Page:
The accident struck in rush hour, at around 9:30 a.m. Monday (0230 GMT), at the station in the heart of the capital.

It is the first accident on the $2.8 billion single-route 18-station subway that began running in August last year.

Thai Prime Minister Thaksin Shinawatra told reporters the accident was caused by human error and not computer error, as some media outlets had reported.

Bangkok's singe line subway runs for 20 kilometers (12.4 miles) under the traffic-clogged streets of the sprawling city but so far is not very popular with commuters.

It is designed to carry more than 250,000 passengers a day, but only about 100,000 people use it.

The subway is run by the Bangkok Metro Company, a consortium led by property developer Ch Karnchang, and is part of a $7.5 billion, 110-km (68-mile) city-wide transport network aimed at resolving Bangkok's traffic woes by 2011.

CNN Producer Narunart Prapanya contributed to this report

From ABC News:

Nearly 140 Hurt in Thai Capital Subway Crash

Jan 17, 2005 — By Saowalak Ouyporn

BANGKOK (Reuters) - Nearly 140 people were injured on Monday in a rush-hour crash on Bangkok's new, $2.8 billion underground train system, which has been fully open for less than six months.

The crash, the first on the single-route, Bangkok Metro Co. subway that opened in August, occurred when an empty train collided with a crowded train stopped at the Thai Cultural Center station in the heart of the capital.

About 700 passengers were on board, officials said.

"The service is suspended indefinitely until we can pinpoint the cause. We don't know how an empty train could have entered a track in service," transport minister Suriya Jungrungreangkit told reporters.

"We extremely regret this accident. Our priority is to move out the injured. The Bangkok Metro Co will be responsible for all expenses," he said.

Witnesses spoke of a heavy impact, and then darkness as they struggled to clamber out of the stricken carriages. Bangkok governor Apirak Kosayodhin said 139 people had been taken to hospital, of who about 60 had been kept in for further treatment.

"From what I can see, there was no death. But many of the injured were carried out on stretchers, some with dislocated shoulders," said Police Lieutenant Colonel Somnuk Pothanapan.

"The impact of the crash sent people sprawling on the floor," an office worker on the train told a TV station.

"The power went off and we groped around in the dark for five to 10 minutes. Finally we helped ourselves pry open the automated door to get out."


Prapat Chongsanguan, governor of the Mass Rapid Transit Authority of Thailand, which oversees the Bangkok Metro Co, said officials were trying to trace the cause of the accident by checking equipment at a maintenance center near the station.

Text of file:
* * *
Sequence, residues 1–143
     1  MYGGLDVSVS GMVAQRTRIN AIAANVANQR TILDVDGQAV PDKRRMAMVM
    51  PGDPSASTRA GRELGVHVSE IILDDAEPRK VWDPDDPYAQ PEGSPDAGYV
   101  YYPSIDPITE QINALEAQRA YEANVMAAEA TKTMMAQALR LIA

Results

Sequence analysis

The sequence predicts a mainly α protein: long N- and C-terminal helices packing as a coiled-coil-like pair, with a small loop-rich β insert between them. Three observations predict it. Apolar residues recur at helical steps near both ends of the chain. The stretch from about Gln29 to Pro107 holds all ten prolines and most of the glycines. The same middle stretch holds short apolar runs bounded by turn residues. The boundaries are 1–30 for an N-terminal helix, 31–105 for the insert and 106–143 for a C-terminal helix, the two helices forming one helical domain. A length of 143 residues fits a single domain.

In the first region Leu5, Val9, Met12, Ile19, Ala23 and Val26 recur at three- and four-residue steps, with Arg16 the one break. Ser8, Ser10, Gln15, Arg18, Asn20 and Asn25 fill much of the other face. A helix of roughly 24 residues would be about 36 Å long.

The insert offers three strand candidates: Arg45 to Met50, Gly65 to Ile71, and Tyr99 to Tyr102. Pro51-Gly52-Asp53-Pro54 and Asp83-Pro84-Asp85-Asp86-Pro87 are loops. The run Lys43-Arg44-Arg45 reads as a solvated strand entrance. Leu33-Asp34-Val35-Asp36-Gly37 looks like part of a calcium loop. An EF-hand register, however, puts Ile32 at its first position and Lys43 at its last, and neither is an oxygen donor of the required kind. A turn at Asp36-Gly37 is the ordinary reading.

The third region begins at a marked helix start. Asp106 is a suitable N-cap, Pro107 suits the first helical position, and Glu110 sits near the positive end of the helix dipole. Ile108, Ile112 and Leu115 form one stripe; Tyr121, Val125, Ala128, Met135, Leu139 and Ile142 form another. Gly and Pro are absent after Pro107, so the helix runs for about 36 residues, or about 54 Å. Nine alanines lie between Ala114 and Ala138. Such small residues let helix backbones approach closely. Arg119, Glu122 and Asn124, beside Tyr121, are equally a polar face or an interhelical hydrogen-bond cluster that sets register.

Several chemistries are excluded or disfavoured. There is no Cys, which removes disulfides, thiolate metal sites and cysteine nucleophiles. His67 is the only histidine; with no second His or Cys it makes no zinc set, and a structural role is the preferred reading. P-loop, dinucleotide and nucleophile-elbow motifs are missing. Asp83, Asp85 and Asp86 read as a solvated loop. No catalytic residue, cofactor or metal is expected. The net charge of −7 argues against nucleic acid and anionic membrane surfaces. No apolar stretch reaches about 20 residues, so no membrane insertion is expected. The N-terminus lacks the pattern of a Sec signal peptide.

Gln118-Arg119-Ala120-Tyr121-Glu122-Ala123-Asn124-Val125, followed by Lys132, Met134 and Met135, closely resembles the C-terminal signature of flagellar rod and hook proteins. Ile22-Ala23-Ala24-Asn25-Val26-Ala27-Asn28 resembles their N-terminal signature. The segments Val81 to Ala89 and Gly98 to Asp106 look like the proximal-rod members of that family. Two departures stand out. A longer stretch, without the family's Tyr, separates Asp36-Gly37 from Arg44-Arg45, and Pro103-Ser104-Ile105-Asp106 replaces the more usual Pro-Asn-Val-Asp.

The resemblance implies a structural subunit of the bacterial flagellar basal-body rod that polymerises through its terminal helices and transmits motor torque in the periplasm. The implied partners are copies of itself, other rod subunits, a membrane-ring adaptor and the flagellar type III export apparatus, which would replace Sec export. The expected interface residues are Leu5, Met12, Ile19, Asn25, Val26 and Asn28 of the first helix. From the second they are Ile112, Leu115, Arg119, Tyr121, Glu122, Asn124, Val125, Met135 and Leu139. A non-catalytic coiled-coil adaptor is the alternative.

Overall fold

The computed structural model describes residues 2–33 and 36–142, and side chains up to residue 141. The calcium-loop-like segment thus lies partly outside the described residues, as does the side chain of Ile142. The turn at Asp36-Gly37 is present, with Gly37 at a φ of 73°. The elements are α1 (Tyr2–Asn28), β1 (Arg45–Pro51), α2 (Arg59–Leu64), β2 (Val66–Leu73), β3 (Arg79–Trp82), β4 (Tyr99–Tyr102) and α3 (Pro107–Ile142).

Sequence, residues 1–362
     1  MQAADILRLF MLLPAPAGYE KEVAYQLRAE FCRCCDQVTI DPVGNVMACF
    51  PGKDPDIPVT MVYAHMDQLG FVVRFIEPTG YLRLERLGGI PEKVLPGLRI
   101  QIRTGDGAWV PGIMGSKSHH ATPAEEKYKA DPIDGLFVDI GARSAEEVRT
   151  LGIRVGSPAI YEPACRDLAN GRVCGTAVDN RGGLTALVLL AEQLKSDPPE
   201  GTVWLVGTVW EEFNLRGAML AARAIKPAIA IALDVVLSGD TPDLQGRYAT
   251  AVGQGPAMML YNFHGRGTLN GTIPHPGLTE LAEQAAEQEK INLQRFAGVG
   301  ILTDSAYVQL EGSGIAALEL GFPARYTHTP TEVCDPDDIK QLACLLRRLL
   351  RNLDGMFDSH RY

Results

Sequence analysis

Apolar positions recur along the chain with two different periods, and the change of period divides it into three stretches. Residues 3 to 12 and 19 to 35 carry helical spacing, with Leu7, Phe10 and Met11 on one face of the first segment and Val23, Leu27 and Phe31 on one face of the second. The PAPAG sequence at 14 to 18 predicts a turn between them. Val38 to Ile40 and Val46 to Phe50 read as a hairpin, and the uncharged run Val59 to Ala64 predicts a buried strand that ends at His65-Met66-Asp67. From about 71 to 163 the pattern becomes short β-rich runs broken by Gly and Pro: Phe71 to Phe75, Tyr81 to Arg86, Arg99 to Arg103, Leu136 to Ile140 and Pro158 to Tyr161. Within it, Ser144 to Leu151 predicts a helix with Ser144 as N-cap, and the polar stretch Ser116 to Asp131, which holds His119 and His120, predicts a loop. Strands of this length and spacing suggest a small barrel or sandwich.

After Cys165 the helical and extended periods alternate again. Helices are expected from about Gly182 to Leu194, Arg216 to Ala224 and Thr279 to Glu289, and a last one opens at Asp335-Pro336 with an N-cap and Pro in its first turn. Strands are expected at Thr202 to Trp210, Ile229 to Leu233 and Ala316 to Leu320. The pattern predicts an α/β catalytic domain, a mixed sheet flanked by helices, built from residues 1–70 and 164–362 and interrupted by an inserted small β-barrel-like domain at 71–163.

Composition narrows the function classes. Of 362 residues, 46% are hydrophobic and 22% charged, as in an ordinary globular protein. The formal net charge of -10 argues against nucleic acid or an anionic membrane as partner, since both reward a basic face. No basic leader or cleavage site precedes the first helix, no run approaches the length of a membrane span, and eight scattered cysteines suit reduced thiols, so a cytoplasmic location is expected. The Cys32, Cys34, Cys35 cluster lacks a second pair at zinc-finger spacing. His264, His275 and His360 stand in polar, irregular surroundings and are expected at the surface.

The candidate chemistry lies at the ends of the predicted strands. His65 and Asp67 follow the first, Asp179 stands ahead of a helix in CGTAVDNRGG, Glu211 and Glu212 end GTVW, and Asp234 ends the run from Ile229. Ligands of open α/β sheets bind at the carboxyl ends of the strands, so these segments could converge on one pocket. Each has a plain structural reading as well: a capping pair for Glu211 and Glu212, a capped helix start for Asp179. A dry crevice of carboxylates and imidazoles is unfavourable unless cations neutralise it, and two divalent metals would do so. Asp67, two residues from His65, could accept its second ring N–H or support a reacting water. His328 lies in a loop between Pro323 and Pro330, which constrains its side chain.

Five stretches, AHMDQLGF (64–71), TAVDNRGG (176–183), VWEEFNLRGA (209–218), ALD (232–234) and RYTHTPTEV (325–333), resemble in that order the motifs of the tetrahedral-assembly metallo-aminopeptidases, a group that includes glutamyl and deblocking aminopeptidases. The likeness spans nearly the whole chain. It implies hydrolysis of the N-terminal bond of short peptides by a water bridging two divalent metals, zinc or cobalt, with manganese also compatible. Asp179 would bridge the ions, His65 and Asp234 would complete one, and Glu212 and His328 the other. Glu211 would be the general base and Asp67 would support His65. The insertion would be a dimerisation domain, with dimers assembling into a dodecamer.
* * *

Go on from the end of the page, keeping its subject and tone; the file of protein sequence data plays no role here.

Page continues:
"Public confidence in the subway safety system may be hard to restore if the cause was proved to be due to equipment. But if it was caused by human errors, then it can be rectified," he told reporters.

The $2.8 billion subway, run by the Bangkok Metro Co, a consortium led by property developer Ch Karnchang, runs for 20 km (12.5 miles) beneath the traffic-laden streets of the sprawling capital.

The 18-station system, which is designed to carry more than 250,000 passengers a day, is part of a $7.5 billion, 110-km (68-mile) city-wide transport network aimed at resolving Bangkok's traffic woes by 2011.

Bangkok Metro Co has declined to comment.

A subway official said the empty train appeared to have come out of a service tunnel at the station.

"It happened because a train accidentally slid out of a maintenance section of the station and ran into another train that was waiting for passengers to board," the official told Reuters.

Thanyachan Srithongkam, a lawyer who witnessed the accident, said he was lucky to miss the damaged train.

"I missed the crowded train that was hit because the doors closed before I could get on it. Then this other train with only the driver on it came in from the opposite direction," Thanyachan told reporters.

"I was shocked to see this other train come this way. It took about 10 minutes for the passengers to get out. They could not get the emergency exits open," he said.

Tuesday, January 18, 2005

"All news is local." — Anon.

The Bangkok Post:

The Nation:

The International Herald Tribune (last page: "International Traveler Update"):

The Asian Wall Street Journal ("What's News"):

Next: Part IV